Casswell, a Republican representing Branch, Hillsdale, Lenawee and St. Joseph counties, made the proposal this week, reportsMichigan Public Radio.

His explanation?

“I never had anything new,” Caswell says. “I got all the hand-me-downs. And my dad, he did a lot of shopping at the Salvation Army, and his comment was — and quite frankly it’s true — once you’re out of the store and you walk down the street, nobody knows where you bought your clothes.”

Under his plan, foster children would receive gift cards that could only be used at places like the Salvation Army, Goodwill and other second hand clothing stores.

The plan was knocked by the Michigan League for Human Services. Gilda Jacobs, executive director of the group, had this to say:

“Honestly, I was flabbergasted,” Jacobs says. “I really couldn’t believe this. Because I think, gosh, is this where we’ve gone in this state? I think that there’s the whole issue of dignity. You’re saying to somebody, you don’t deserve to go in and buy a new pair of gym shoes. You know, for a lot of foster kids, they already have so much stacked against them.”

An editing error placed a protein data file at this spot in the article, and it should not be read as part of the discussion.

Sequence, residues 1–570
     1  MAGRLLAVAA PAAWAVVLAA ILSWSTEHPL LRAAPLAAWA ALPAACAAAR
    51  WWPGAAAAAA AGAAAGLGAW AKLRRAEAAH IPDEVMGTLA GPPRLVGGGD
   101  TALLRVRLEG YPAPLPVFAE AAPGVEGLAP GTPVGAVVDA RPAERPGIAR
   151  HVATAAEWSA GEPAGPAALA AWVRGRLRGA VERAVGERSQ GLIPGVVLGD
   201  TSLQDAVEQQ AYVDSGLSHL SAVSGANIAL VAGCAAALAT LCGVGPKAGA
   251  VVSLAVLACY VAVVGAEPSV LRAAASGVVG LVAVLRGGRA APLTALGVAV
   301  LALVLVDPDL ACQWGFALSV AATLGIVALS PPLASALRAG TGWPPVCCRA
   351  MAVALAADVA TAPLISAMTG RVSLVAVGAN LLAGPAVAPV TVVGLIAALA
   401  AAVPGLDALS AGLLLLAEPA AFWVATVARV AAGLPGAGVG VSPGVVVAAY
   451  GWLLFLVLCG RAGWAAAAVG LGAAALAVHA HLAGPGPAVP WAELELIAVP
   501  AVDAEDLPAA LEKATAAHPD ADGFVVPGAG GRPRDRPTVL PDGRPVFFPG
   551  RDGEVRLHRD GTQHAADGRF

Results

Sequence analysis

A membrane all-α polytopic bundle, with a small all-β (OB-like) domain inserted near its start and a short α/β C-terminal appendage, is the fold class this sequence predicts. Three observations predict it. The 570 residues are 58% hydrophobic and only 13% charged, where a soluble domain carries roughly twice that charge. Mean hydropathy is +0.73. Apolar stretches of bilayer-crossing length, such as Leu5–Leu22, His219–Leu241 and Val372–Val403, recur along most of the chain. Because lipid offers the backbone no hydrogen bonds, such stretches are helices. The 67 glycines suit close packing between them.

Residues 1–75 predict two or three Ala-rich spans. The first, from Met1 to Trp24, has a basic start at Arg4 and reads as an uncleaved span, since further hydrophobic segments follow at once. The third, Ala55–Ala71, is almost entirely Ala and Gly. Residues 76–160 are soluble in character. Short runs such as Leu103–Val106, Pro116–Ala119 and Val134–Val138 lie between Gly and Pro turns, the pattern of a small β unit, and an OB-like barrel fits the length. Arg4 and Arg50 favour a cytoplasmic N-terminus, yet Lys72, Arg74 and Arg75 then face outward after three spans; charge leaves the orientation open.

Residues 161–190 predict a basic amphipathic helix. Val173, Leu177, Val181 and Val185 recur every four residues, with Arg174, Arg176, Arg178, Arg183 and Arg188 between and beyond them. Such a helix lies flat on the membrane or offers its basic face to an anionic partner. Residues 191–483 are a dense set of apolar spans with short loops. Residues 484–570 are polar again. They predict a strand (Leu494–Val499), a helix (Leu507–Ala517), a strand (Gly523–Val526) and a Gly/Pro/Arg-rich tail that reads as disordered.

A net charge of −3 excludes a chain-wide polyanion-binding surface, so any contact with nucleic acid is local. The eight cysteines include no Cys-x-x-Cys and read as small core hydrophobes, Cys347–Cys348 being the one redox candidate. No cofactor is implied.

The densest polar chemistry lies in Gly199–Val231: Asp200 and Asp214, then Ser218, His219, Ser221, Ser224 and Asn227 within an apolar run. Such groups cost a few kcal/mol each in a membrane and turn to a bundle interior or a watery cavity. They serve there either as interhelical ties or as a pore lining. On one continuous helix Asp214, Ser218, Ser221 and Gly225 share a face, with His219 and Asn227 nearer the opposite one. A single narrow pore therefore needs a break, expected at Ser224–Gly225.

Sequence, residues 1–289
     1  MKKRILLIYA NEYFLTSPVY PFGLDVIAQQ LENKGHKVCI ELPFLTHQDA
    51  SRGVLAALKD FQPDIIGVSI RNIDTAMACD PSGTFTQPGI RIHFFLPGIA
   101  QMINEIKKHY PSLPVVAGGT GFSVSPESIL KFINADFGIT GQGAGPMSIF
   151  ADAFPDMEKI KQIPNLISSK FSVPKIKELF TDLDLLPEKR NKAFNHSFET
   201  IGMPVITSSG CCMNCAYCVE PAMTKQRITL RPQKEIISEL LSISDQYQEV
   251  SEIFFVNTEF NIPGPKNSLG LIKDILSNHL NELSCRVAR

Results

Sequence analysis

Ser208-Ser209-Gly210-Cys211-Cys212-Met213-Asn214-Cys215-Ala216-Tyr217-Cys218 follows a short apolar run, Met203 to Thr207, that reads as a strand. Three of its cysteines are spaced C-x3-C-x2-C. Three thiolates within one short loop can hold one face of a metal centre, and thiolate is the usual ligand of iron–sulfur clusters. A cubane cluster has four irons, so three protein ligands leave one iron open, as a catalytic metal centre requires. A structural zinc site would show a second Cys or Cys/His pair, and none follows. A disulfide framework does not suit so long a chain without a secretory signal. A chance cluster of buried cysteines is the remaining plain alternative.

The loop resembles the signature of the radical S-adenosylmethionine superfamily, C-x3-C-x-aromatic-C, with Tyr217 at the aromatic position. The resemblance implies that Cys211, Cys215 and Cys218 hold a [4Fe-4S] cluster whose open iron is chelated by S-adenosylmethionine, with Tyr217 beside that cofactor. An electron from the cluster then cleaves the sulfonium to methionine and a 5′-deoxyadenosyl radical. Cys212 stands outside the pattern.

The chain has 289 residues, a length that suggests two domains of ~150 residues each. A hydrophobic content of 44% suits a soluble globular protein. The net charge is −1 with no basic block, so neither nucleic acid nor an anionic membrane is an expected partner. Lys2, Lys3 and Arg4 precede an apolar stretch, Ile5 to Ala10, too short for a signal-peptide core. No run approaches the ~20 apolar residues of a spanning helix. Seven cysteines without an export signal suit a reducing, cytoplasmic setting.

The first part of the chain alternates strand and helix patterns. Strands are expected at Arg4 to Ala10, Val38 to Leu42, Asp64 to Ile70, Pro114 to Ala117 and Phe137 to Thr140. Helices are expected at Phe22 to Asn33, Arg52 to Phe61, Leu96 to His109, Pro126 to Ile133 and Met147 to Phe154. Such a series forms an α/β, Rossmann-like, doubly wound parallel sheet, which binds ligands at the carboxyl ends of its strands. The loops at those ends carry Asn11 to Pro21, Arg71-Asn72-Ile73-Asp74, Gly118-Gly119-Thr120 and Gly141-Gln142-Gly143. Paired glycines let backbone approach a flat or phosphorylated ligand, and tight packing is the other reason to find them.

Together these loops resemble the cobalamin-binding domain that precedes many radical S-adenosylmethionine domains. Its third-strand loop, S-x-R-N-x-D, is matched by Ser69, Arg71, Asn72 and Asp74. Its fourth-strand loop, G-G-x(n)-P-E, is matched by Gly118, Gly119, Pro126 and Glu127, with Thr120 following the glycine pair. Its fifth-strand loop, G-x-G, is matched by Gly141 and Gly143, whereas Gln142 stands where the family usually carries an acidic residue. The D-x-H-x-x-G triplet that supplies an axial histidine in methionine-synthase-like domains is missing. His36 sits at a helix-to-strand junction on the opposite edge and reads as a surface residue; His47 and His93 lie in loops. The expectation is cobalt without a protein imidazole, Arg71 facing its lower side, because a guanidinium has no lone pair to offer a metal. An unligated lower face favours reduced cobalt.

Casswell says the plan will save the state money, though it isn’t clear how much the state spends on clothing for foster children or how much could be saved this way.

(If you’re wondering if we’re really at the abyss, read the comments.)

Credit: The Michigan Messenger; h/t Fred Clark at slactivist

Sandra at the beach

6 11 2008

My expectations are few:

Guantanamo: close. Torture: stop.

That’s it. More? Yeah, more would be nice, more would be more than nice, but if an Obama administration cannot accomplish these two very basic acts—no matter what else it does—it will have failed.

As for other happenings on Nov 4:

Prop 8 passed. Hey, gays and lesbians, bisexuals and the transgendered: You/we don’t count! (Oh, feel free to keep being, y’know, gay and all that, but please keep it to yourselves. Do that, and you get domestic partnership laws! That’s good enough, doncha think?)